Risk of SDRs Under 3HP and 1HP Regimen for LTBI

  • STATUS
    Recruiting
  • End date
    Dec 31, 2022
  • participants needed
    490
  • sponsor
    National Taiwan University Hospital
Updated on 29 October 2021
isoniazid
skin test
tuberculin test
smear
rifapentine
pulmonary tuberculosis

Summary

Successful implement of preventive therapy for subjects with latent tuberculosis infection (LTBI) is the critical step for elimination of tuberculosis (TB). The major obstacle of traditional preventive therapy is the unacceptable long treatment duration, taking isoniazid 5mg/kg daily for a total of 9 months (9H), thus seriously compromising its acceptability. With the introduction of 12-doses weekly high-dose (15 mg/kg) rifapentine plus isoniazid (3HP regimen), the completion rate of 3HP has be shown to be much higher than 9H. However, 4.9% to 9.1% of LTBI cases who received 3HP failed to complete treatment because of side effects. Systemic drug reactions (SDRs), even hypotension and shock, under 3HP treatment are higher than 9H treatment.

A recent study in HIV patients demonstrated that a new short-term regimen, consisting of isoniazid 5mg/kg plus rifapentine 10mg/kg daily for one month (1HP), has a similar risk of adverse reactions as 3HP. Clinical study with head-to-head comparison between 3HP and 1HP, however, remains lacking.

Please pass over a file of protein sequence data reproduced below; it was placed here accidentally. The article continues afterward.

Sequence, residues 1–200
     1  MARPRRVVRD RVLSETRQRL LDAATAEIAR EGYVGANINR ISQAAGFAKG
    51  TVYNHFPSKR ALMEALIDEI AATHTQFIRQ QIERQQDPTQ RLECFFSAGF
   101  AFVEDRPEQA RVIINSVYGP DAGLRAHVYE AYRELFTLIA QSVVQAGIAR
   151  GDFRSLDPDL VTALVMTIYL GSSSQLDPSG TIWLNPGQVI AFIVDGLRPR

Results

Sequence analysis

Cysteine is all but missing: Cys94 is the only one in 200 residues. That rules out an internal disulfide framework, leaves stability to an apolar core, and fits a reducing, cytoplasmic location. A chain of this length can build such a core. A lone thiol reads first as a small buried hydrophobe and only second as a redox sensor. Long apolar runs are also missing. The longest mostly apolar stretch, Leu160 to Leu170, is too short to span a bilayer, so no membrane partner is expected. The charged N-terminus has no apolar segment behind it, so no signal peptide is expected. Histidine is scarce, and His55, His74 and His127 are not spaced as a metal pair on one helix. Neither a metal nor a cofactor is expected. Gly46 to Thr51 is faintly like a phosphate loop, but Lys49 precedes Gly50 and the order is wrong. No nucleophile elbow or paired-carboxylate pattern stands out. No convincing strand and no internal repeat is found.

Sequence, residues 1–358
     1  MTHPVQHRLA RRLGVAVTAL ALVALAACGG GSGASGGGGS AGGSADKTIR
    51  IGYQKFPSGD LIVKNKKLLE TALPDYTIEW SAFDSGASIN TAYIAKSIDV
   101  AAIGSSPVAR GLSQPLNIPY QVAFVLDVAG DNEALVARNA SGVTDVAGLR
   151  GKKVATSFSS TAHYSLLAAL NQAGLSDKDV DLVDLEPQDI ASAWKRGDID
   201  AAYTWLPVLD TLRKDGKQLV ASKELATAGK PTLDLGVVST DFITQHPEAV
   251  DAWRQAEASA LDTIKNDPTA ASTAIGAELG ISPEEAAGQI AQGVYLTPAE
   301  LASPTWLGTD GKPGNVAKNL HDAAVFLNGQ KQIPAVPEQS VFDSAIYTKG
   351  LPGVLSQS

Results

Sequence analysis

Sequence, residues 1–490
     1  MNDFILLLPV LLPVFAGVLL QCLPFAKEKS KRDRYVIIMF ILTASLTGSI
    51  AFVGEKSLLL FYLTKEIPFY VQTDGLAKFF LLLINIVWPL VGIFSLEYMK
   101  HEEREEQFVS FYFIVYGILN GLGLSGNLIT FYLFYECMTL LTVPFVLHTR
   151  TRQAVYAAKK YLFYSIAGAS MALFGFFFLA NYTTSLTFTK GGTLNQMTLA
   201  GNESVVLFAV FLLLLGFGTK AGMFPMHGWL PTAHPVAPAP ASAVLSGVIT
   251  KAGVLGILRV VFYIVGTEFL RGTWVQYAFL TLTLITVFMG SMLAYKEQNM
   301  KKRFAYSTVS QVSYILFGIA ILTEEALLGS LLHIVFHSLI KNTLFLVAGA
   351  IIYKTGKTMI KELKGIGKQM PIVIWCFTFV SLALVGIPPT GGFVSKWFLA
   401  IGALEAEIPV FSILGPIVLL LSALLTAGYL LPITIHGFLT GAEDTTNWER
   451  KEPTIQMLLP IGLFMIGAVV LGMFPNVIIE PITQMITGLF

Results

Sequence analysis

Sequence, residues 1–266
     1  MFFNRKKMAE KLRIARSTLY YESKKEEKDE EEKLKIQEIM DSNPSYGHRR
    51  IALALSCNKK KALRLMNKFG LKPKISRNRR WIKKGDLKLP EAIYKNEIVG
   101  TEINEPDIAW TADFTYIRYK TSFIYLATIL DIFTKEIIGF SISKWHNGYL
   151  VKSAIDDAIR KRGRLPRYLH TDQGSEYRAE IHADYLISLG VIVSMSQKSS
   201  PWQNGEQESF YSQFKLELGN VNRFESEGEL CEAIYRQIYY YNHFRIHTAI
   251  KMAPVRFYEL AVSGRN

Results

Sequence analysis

The prospective multicenter study is conducted to investigate whether risk of SDRs under 1HP is lower than that under 3HP.

Hypothesis: 1HP has a lower incidence rate of SDRs than 3HP

Objectives
  1. To compare the risk of SDRs in 1HP treatment and in 3HP treatment
  2. To explore side effect profile of 1HP
Methods

This multicenter randomized control trial will compare the risk of SDRs under conventional 3HP regimen (Arm 1: 3HP), and a new regimen consisting of daily rifapentine (10 mg/kg) plus isoniazid (5 mg/kg) for 1 month (Arm 2: 1HP).

Description

Tuberculosis (TB) remains one of the deadliest infectious diseases, with an estimated 10.0 million new cases and 1.6 million deaths in 2017. The World Health Organization (WHO) has set the goal of eliminating TB as a public health problem, aiming to achieve 90% and 95% reductions in the TB incidence and number of TB deaths by 2035. Latent tuberculosis infection (LTBI), a status of persistent immune response to stimulation by Mycobacterium tuberculosis antigens without clinically manifest active TB, has a 10% risk of progressing to active TB and has thus emerged as a critical target for improving TB control and elimination.